Julius keeps trying to escape from the reality and struggles of life he goes through by always talking a walk without an objective and at the same time his mind keeps wandering between places and times he goes through. This reflects his fugueur aspect. His regularly pointless walk is triggered by his emotions of non-belonging in a foreign country after migrating from Africa. This is an irony of what he expected in the United States. He usually takes an aimless walk in search of someone to interact with since his new place of the resident is unfriendly. The hope of migrating to the U.S and meeting new friends is cut short because no one cares about a personal relationship with other individuals. This is a clear indication of how migration can be attractive but in a real sense, it has other negative issues.
Julius looks at New York City from the geese perspective; ‘I doubted in some part of myself whether these birds, with their dark wings and throats, their pale bodies and tireless little hearts, really did exist. So amazed was I by them that I couldn’t trust my memory when they weren’t there’ (4). This explains something different more than birds. This part is vital since memory is presented in this book. This shows how the book is important in that the book reveals how the past affects the reader’s comprehension of the past events.
The novel’s main character Julius walks around New York is looked upon as aimless. This is irony to what took him to United States (U.S) for studies. It seems Julius is in the U.S without an objective which contradicts what took him to states. ‘Not long ago before this aimless wandering began, I had fallen into the habit of watching bird migrations from my apartment, I wonder now if the two are connected’, is a clear indication that Julius had no meaningful point of talking a walking just like the birds flying over the sky without any point of destination. After leaving Nigeria to further his studies in the U.S, he seems to have put in the past what purposely took him there. This is irony for his migrating reasons to America.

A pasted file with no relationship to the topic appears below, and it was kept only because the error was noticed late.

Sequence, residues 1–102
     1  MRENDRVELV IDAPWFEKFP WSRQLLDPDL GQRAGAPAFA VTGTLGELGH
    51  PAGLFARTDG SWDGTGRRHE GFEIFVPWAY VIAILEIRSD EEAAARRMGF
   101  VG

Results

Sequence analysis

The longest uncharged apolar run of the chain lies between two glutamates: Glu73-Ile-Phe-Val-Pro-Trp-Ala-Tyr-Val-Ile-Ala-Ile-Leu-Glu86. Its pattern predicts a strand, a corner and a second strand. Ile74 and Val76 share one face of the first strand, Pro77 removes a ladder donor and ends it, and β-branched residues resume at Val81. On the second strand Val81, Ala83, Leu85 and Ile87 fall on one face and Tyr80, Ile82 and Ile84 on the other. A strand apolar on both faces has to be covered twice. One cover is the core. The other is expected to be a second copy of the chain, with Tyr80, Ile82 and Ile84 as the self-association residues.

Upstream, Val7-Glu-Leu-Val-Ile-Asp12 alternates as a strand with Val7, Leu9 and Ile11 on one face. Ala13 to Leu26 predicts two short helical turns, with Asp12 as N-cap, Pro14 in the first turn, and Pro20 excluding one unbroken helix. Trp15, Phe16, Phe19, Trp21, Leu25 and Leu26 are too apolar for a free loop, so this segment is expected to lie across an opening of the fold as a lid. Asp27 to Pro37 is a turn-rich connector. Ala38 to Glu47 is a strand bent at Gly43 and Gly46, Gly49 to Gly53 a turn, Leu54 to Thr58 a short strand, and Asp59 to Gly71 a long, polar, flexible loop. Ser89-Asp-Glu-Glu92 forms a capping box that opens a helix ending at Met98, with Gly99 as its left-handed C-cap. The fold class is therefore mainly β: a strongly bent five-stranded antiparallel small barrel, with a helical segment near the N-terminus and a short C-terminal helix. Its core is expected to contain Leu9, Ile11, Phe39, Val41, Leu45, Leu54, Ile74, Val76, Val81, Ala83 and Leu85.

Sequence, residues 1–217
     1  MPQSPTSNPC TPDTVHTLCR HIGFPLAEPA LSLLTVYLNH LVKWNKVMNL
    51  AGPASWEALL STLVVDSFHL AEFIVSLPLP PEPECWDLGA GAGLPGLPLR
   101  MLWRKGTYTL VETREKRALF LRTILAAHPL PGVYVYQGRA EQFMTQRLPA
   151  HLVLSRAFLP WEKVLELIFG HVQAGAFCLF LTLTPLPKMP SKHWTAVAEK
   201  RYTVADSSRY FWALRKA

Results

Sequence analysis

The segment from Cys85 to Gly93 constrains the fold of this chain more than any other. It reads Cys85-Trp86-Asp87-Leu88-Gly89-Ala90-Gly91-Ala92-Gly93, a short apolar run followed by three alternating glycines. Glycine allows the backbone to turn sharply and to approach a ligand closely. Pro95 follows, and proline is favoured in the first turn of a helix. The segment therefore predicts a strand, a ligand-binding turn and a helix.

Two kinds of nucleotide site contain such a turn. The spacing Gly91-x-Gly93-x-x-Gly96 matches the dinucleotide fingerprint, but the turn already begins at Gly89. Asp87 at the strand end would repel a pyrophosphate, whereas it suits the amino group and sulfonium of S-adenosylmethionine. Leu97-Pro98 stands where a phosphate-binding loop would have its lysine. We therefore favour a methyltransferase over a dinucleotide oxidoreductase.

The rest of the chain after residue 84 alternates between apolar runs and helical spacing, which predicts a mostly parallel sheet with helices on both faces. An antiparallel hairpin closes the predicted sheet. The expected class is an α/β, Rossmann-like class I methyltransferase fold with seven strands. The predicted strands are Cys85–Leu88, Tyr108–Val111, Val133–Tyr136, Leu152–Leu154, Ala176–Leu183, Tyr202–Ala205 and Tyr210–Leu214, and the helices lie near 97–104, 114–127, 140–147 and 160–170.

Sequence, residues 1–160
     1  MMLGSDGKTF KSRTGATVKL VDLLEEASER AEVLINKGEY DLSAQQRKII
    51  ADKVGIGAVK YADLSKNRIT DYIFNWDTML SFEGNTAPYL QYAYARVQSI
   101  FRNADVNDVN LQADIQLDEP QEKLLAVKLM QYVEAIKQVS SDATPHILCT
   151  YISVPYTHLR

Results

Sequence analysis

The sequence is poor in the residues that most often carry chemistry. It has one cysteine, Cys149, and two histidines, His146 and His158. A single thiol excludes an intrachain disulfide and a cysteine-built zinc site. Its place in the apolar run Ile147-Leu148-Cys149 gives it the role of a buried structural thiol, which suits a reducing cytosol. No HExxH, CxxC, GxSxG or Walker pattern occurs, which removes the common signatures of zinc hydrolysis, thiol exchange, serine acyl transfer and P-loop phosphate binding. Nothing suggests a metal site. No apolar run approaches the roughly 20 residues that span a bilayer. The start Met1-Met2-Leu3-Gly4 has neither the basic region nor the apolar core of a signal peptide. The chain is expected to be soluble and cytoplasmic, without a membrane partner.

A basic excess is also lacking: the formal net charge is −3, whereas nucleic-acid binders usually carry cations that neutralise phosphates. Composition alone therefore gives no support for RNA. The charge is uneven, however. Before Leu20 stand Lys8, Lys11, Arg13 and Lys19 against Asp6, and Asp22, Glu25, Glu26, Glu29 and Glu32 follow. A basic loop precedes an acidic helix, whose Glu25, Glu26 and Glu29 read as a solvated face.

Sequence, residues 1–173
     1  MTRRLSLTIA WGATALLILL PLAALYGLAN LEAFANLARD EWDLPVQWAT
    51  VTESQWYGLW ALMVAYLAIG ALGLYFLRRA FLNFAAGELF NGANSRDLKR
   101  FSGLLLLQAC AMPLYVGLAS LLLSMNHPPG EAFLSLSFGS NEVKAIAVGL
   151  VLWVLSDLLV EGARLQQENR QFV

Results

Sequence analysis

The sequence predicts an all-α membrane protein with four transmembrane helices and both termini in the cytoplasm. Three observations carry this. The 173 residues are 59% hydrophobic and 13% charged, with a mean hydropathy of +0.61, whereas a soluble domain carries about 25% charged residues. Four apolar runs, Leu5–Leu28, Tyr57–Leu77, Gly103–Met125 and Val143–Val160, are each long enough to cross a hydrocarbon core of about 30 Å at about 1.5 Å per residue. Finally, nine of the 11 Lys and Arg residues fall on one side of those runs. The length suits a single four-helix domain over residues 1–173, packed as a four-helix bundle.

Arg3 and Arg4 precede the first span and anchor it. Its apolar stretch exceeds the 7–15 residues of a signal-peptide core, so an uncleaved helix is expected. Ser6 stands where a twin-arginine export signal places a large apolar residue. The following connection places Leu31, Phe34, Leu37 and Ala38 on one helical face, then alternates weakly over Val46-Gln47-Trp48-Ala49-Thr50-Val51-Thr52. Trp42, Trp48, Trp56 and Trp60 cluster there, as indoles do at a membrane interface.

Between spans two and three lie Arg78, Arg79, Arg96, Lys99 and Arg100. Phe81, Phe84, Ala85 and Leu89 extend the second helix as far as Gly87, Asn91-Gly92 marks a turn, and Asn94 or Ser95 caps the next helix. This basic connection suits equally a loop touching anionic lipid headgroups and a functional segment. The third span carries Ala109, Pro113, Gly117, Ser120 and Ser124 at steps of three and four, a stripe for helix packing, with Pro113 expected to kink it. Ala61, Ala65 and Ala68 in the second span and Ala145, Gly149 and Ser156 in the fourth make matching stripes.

The opening part in the novel states about the new profound habit in the main character’s behavior; ‘watching bird migrations from his apartment’ and at the same time listening to ‘internet stations from Canada, Germany, or the Netherlands’ (page 3), and studying books from foreign language setting; activities that often seem to seamlessly morph into sleep (4). All these remarkable activities of migratory life exhibit Julius’s qualified imagination. Julius compares himself in his sparse apartment and the ‘radio host or her booth’, these ‘disengaged bodies’ remained engaged, with the apparition of migrating geese; reading aloud, he notes that he gave voice to another’s words (3). Such situation translates to the strict regulations, improvements, and proficiency indicating the contingent of the late night walks assists to present Julius’s life in an amicable and polyphonic whole. This reflects the criticism made in aesthetic pseudo-solutions enabling the reader to be limited to sociopolitical divisions.
The novel further reflects the amicable suspension as it defines the relationship between Julius’s reading voice described as ‘sonic fugue’ and the voices from internet radio. Julius’s voice is defined as mingling with the murmur of the radio; reflecting the walks he makes every evening as decisive as ‘monotony’ (4). The tone presented in this part is exposed as indifferent from the monotone that condenses all the distinction from cosmopolitan connectedness.
The ‘psychiatry’ used in the novel comes from the word psychiatria meaning ‘healing of the soul’. This word reflects the situation in Julius’s mind. It is about a soul that is struggling to heal from his past scars before migrating to U.S. Julius tries to forget his past life by going to America to heal his soul.
The migration of Julius to the United States shows how the world has become globalized. Furthermore, globalization is also reflected when Julius is listening to internet radio from Germany, France, and the Netherlands. The modern world is currently in such state that people can travel around with ease and even listen to international radio stations. It shows how people move from one country to another for different reasons, such as studying, seeking employment, living, vacations and even living in these countries. Today America is full of foreigners from different continents that include Asians, Africans, and Europeans. The book demonstrates that even though there is migration all over the world, people are still connected with their original homelands; ‘those disembodied voices remain connected in my mind, even now, with the apparition of migrating geese (4).